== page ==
New iPhone travel app aims to save right whales from Angry Ships

NOAA app pinpoints endangered right whales so ships can steer around them

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(Right whales got their name from whalers during the 1800s, who assumed their huge size (70 tons), low speed, convenient location and incredible stupidity made them the "right" whale for ships to hunt that didn't want to spend two or three years circling the globe to hunt sperm, gray and blue whales.)

helps the constant stream of large fishing boats, freighters, tankers and container ships prove that, at sea, right of way belongs to the moving object weighing hundreds or thousands of tons, not the 70 tons or so the adult right whales are packing.

There are only a few hundred right whales left in the wild; of the 67 found dead between 1970 and 2007, 24 had been killed by collisions with ships.

To reduce the damage, U.S. shippers and coastal authorities changed shipping lanes, enforce rules that force ships to avoid right whales by at least 500 yards and report any they spot so NOAA and the Coast Guard can notify ships in the where to watch for vulnerable whales and what areas to avoid.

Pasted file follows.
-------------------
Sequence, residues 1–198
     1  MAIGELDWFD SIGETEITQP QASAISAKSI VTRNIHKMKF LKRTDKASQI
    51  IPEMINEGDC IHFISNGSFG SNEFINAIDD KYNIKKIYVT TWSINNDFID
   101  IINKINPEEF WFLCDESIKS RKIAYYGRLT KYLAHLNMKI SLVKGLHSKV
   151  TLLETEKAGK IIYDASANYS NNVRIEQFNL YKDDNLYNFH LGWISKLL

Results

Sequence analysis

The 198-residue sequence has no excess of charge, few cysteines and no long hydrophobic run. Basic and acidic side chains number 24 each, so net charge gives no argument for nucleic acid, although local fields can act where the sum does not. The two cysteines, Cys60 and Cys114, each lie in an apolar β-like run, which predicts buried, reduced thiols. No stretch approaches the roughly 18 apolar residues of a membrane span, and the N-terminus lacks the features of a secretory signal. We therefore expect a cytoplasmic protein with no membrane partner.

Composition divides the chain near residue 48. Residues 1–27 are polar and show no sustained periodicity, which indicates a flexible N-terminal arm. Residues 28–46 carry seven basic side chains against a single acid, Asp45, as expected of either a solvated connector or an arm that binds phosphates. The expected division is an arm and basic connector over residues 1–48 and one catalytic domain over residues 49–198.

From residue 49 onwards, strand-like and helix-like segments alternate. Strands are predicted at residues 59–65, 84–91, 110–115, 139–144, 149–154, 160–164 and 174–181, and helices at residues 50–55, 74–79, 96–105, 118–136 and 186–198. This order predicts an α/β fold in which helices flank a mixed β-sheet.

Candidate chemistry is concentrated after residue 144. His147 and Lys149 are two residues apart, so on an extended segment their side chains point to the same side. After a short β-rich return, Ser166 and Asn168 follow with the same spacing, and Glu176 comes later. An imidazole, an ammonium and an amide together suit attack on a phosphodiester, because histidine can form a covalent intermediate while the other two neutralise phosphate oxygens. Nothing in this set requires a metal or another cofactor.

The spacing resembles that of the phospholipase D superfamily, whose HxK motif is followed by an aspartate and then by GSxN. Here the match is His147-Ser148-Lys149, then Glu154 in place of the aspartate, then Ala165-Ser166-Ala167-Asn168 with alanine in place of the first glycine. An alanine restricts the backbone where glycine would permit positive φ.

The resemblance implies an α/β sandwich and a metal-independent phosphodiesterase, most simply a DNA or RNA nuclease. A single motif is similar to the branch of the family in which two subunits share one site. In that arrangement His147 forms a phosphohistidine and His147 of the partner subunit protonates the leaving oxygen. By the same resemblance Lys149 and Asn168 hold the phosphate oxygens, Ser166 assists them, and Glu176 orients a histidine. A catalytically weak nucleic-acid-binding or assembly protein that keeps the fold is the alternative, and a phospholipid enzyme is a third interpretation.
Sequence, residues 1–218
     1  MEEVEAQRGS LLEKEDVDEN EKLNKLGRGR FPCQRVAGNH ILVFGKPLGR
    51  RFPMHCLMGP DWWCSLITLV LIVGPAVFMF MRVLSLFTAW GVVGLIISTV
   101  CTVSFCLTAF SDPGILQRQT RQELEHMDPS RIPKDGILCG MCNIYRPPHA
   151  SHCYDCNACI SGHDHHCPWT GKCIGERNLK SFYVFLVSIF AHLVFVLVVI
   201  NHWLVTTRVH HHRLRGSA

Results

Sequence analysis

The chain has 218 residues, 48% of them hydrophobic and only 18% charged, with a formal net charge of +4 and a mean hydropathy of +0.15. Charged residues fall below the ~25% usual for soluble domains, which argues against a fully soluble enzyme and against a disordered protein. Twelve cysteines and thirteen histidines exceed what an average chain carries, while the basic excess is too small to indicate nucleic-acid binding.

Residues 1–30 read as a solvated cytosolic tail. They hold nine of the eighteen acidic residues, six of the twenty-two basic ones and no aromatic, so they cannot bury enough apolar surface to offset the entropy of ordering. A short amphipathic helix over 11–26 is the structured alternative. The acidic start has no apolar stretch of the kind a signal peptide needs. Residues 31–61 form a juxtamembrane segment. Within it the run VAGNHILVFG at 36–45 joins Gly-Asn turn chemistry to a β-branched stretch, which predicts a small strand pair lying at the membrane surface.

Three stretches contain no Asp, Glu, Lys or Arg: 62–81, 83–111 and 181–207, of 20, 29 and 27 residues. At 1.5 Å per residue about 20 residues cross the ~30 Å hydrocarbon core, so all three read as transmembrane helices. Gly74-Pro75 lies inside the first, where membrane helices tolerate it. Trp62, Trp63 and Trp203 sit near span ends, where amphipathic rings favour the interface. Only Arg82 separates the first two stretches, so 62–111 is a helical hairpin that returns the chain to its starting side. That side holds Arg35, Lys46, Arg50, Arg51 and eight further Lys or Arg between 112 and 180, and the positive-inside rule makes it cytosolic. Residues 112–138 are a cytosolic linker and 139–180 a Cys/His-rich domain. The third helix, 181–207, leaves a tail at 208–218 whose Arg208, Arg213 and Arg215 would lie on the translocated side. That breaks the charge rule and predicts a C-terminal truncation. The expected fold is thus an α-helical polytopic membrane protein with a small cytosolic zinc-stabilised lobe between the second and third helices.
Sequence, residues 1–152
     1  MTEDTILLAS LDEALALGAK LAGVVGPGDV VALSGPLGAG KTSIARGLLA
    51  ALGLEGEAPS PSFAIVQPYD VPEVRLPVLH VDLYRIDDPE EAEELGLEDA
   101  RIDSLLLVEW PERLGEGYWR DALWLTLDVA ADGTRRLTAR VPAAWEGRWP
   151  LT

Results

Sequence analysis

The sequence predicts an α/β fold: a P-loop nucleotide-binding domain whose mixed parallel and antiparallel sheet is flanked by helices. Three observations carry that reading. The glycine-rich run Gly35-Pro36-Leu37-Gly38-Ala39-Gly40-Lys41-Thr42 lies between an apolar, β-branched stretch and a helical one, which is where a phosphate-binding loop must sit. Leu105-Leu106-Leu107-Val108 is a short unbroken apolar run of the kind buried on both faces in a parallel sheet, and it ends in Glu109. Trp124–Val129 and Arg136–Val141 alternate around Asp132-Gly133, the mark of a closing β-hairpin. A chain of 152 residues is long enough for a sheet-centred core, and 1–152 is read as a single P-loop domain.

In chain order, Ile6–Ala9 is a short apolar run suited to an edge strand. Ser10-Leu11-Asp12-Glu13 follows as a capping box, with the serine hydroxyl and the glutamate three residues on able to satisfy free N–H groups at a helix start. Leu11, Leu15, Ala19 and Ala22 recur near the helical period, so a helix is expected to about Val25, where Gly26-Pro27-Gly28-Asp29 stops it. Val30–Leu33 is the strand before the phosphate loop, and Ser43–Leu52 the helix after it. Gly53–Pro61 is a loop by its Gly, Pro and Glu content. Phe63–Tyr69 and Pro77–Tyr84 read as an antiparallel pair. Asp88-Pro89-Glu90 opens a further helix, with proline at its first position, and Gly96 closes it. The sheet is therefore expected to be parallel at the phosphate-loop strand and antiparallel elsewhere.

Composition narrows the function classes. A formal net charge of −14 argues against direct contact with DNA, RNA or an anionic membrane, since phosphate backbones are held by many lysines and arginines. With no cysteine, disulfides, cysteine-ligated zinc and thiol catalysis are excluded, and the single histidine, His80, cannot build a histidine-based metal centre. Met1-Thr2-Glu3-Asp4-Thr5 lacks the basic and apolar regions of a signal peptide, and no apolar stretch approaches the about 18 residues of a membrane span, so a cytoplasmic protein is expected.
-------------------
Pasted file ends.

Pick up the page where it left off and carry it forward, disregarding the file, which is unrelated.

NOAA's North Atlantic Right Whale Sighting Advisory System is a simple interface for ship captains looking for potential obstacles, but the web-based app is hard to bring up on the bridge and doesn't issue alerts on its own based on the ship's location and the best real-time reports of whale locations.

Whale Alert provides a graphical map of the U.S. east coast with icons showing the location of all reported sightings of right whales.

It gets the information both from reports from boats in the area and from sonar buoys on the floor of Boston Harbor and other areas up and down the East Coast.

It uses the phone's GPS function to identify the ship's location and, when necessary, give directions for how to avoid an area of heavy sightings.

It is designed for "mariners," which means anyone on a boat. It is aimed at the officers of large cargo or container ships, but is simple and cheap enough (it's free) for recreational boaters or hobbyists as well.

"Right whales need dramatic conservation progress to survive, according to a quote in NOAA's announcement from Patrick Ramage, global whale director for the International Fund for Animal Welfare, which helped develop the app." This new iPad app gives these whales a fighting chance."

There is no Android version yet, and none of the participants has commented on whether driving 90,000-ton ships while reading or entering data on the Whale Alert app counts as driving-and-texting in shipping terms.

Photo Credit: 

National Oceanic and Atmospheric Administration

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